That being said, part of the problem writing about the precious metals industry is dealing with the two ways silver volume is reported. Most countries report silver production in metric tons, while other agencies such as the U.S. Mint state figures in troy ounces. Sometimes, I reproduce charts that are stated in metric tons, while others are in troy ounces. Basically, I am copying charts from official sites.

      I try to make as many conversions as I can to make it easier to understand, but investors-readers need to realize this is how the industry reports data. So, it’s important to understand the two different metrics.

      As for the import-export reporting of bullion… that’s a tough one. I do believe some of silver bullion imported from Canada must be Silver Maples. As you know, Silver Maples are a form of silver bullion. However, I don’t see the U.S. importing silver bullion from say Australia, which would be their silver bullion coins purchased by Americans. I need to ask the USGS silver specialist this question.

      Charley Z, glad you enjoy the updated fundamental data and info. I believe this at least gives the precious metal investor a guide to what is changing in the market.

      steve

  7. Early in your article it is stated that the US mint is producing silver eagles which requires additional imports. If I’m not mistaken, the US mint is required to produce eagles from domestic silver only. Other than that, a very interesting report and keep up the good work.

  8. The biggest take a way from this article i realize is that the creation of the ETFs to manipulate and extend the ponzi even further maybe playing out. The only reason they were created in the first place was to redirect paper money away from acquiring the real world metal and give the market makers another manuplation lever to pull. The only question i have is what will be their next deception to extend the ponzi because there is no better feeling than having the real stuff in your hand!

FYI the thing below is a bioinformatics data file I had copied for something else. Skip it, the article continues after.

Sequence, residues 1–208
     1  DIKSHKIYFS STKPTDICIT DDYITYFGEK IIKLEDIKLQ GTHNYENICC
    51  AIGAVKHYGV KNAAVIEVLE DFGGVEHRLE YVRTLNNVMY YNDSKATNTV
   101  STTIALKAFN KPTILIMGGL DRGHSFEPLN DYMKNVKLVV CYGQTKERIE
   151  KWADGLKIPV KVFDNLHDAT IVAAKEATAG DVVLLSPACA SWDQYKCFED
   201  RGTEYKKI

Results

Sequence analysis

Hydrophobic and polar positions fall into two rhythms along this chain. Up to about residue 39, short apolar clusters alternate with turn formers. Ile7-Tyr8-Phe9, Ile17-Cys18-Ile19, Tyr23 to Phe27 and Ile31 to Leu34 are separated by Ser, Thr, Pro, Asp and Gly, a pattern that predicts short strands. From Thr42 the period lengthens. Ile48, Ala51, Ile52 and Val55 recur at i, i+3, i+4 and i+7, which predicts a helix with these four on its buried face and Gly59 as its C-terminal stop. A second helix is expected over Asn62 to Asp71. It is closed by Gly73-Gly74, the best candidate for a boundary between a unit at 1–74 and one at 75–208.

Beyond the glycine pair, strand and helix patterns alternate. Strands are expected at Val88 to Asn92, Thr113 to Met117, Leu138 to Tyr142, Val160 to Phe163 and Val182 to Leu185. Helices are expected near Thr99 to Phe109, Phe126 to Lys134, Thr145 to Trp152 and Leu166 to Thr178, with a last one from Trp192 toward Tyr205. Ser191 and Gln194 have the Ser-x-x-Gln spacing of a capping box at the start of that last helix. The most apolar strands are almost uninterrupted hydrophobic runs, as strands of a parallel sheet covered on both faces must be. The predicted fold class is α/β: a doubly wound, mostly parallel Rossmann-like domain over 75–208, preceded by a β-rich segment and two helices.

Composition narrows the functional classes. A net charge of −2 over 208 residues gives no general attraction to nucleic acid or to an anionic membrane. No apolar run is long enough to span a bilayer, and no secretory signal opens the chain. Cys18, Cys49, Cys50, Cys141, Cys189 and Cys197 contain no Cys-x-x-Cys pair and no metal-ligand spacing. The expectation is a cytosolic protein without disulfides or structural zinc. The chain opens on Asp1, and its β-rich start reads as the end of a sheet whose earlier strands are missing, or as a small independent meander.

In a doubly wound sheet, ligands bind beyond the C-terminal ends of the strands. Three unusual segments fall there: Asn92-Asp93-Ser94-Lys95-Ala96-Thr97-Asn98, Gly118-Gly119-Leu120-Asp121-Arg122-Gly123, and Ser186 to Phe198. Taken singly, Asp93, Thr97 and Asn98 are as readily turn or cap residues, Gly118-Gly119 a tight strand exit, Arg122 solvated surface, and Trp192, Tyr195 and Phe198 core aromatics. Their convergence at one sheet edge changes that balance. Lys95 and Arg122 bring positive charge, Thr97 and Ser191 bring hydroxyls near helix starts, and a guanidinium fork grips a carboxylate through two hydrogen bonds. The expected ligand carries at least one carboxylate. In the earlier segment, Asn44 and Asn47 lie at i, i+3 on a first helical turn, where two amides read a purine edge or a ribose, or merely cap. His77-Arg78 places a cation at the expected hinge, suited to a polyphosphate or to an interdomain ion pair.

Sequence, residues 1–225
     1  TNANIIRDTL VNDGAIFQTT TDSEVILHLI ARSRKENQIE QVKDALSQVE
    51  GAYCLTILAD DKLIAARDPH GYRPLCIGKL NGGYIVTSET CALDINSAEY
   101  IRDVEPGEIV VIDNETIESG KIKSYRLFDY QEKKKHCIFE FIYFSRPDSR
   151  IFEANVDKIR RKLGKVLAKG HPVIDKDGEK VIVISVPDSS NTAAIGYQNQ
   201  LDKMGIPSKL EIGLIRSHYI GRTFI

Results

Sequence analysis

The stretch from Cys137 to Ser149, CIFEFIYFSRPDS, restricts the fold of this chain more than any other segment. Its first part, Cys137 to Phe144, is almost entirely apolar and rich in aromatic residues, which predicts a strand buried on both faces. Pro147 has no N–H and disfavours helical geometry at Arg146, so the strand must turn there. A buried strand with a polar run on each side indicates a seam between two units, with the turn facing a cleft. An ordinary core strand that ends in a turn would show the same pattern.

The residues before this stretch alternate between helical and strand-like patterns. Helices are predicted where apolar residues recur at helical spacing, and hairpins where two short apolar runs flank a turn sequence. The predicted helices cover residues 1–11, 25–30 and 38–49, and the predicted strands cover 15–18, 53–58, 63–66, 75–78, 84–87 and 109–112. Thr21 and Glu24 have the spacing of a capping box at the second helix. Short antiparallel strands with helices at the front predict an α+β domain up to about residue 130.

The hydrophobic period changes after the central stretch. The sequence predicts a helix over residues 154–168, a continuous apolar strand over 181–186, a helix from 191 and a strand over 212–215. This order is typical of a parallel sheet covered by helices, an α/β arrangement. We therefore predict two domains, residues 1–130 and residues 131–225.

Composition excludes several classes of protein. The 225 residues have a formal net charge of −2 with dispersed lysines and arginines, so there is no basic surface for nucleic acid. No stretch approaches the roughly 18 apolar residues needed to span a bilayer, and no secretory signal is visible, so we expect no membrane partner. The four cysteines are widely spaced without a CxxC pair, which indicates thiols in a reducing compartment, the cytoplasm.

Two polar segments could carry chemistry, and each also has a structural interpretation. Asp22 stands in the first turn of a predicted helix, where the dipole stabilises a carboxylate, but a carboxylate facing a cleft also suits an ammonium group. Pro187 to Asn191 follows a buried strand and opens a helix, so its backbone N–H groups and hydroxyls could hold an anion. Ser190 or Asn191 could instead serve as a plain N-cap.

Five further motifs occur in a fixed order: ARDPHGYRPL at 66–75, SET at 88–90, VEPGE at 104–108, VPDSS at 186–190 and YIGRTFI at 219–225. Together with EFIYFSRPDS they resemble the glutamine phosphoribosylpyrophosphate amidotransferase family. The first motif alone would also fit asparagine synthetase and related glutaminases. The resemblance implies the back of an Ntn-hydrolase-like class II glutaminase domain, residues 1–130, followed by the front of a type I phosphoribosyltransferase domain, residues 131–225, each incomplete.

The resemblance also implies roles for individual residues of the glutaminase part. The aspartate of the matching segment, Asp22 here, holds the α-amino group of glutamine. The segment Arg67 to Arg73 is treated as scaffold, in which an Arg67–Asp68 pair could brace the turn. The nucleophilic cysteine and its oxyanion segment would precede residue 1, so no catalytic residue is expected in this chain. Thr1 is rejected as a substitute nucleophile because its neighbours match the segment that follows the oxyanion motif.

• Maybe 50 USD silver, to shake the fizz tree some more? Many will happily sell into this “reflated bubble” and miss the subsequent moonshot to triple digit ag (and possibly beyond)… As usual, time will tell.

  9. Total annual silver supply is more than 1 billion ounces a year with about 800 million ounces coming from new mining production and around 200 million ounces coming from scrap / recycling.

  10. Are 1oz silver rounds valuable to have if they are not silver Eagles?

    • Don,

      1 oz private silver rounds trade just like Silver Eagles or Silver Maples. While private rounds are not legal tender coins produced by Official Mints, their value will keep up with the future rising price of silver.

      steve

  11. If you want to understand the silver market, you need to read Ted Butler.

    Here’s one article
    http://www.goldcore.com/us/gold-blog/ted-butler-the-biggest-silver-haul-in-history/

  12. Ray says:
    How much silver should a person own? I have about 13,000 oz. I am going broke buying silver on a fixed income. I know we should buy all we can but I also have to live. Feed back would be helpful.

    Thanks

    • 13,000 ounces jeebus Ray!! need a new best friend? you gonna be nouveaux riche, you’ll be asking are you really marrying me for my looks? or is it my money lol…

  13. Very thorough reports and analysis – makes very interesting reading.
    I enjoyed listening to the interviews as well
    Howard